Duke University Chapel's Roof Restoration Complete with Lead Coated Copper Roof Replacement

The Duke University Chapel doors were officially reopened on May 11, 2016 after a yearlong interior and exterior restoration and renovation project. Originally constructed between 1930 and 1932, the English Gothic styled chapel was in need of repair and on May 11, 2015, crews began preparing the chapel for the internal restoration as well as erecting scaffolding around the chapel.

The general contractor for the chapel restoration, Romeo Guest Associates, Inc., selected Baker Roofing Company to perform the removal of the lead coated copper roofing system and fabrication and installation of the new lead coated copper roof and built-in gutter system. The company was honored to add another Duke University project to its repertoire of institutional work. Past experience with Duke University consisted of replacing the Ludowici tile roofing system on the Few Quad, replacing the copper downspouts, gutters and conductor heads for the Few Quad, replacing the tile roofing system on the West Union Campus and the most recent project of reroofing Perkins Library.

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Historic Duke Chapel Collector Head
Finalized Aerial View of Chapel
Roof Replacement in Progress
Lead Coated Copper Roof Detail

With the project kicking off at the beginning of summer in 2015, Baker Roofing Company crews had the unique challenge of a strict timeframe while dealing with heat and safety issues. Baker Roofing Company had exactly one year to complete the 23,345 sq. ft. roof replacement, with no exceptions. In order to accomplish this, the project management team had to find various ways for crews to work continuously through hot summer weather and the cold months. The crews maintained a strenuous schedule, often working 6 days a week, 12 hours a day, many weeks. In order to stay on schedule, it was often necessary for crews to work on Sundays as well.

There were approximately 84 Baker Roofing Company employees that worked together on the project with roles ranging from crew members, project management and sheet metal fabrication to support, safety, purchasing and internal customer service and administrative support. The entire project was 100% self-performed.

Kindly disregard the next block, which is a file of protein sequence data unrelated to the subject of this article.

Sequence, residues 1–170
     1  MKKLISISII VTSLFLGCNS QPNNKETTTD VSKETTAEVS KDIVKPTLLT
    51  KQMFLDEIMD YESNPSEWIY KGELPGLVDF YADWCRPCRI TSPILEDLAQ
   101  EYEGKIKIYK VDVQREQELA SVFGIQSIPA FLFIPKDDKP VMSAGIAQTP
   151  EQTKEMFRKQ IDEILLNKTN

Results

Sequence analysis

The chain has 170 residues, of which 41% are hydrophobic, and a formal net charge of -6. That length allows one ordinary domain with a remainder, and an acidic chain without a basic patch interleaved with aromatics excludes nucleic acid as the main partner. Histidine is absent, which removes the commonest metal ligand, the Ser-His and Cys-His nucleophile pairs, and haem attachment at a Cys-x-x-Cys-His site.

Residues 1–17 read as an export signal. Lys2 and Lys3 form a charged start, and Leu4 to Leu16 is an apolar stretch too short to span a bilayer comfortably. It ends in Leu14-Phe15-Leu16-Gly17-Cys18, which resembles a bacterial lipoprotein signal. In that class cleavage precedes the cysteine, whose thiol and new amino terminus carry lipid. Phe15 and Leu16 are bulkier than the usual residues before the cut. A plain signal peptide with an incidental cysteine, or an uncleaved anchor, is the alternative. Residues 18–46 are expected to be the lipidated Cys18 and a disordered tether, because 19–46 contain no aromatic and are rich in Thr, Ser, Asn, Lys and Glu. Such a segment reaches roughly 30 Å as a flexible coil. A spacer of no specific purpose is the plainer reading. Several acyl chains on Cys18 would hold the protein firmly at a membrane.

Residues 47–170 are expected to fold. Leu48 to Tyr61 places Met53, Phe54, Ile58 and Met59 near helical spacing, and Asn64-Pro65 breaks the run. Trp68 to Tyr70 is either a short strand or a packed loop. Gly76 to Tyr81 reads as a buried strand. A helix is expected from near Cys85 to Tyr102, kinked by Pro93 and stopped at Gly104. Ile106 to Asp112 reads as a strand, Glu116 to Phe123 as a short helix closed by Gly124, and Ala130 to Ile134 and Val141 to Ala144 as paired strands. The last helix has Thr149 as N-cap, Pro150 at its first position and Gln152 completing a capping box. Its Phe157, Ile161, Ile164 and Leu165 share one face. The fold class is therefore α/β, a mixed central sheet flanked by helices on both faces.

Preparation for the Duke Chapel roof replacement started a year in advance due to the timeline constraints of this high profile project. “The best part of this project was that our team was able to finish the job not only on time, but three months ahead of schedule. Our success is attributed to the overall teamwork

of the field employees, sheet metal shop, safety department, all support staff and the numerous review meetings that took place every week. The constant planning and preparing paid off. ” says Jon Cagle.

It took approximately 101,305 lbs. of lead coated copper to reroof the Chapel, using a 20oz copper on the roofing system and a 24oz copper for the built-in gutter system. The conductor heads for the gutter system were fabricated in Germany by Ornamentals, the same process that was used to fabricate the conductor heads on the Duke University Few Quad Campus.

Not only was the roof undergoing renovation, the interior of the chapel was also being restored. The repairs to the interior consisted of expanding the tile in the limestone ribs of the chapel ceiling and installing proper mortar. The wood cravings that adorn the inside of the chapel were also restored undergoing a conditioning process to give the carvings a rejuvenated glow. Along with the limestone and wood cravings, the 77 stained glass windows in the chapel were repaired as well as the installation of new electrical service in order to accommodate the change in electrical loads that have evolved greatly since the original construction of the chapel over 80 years ago.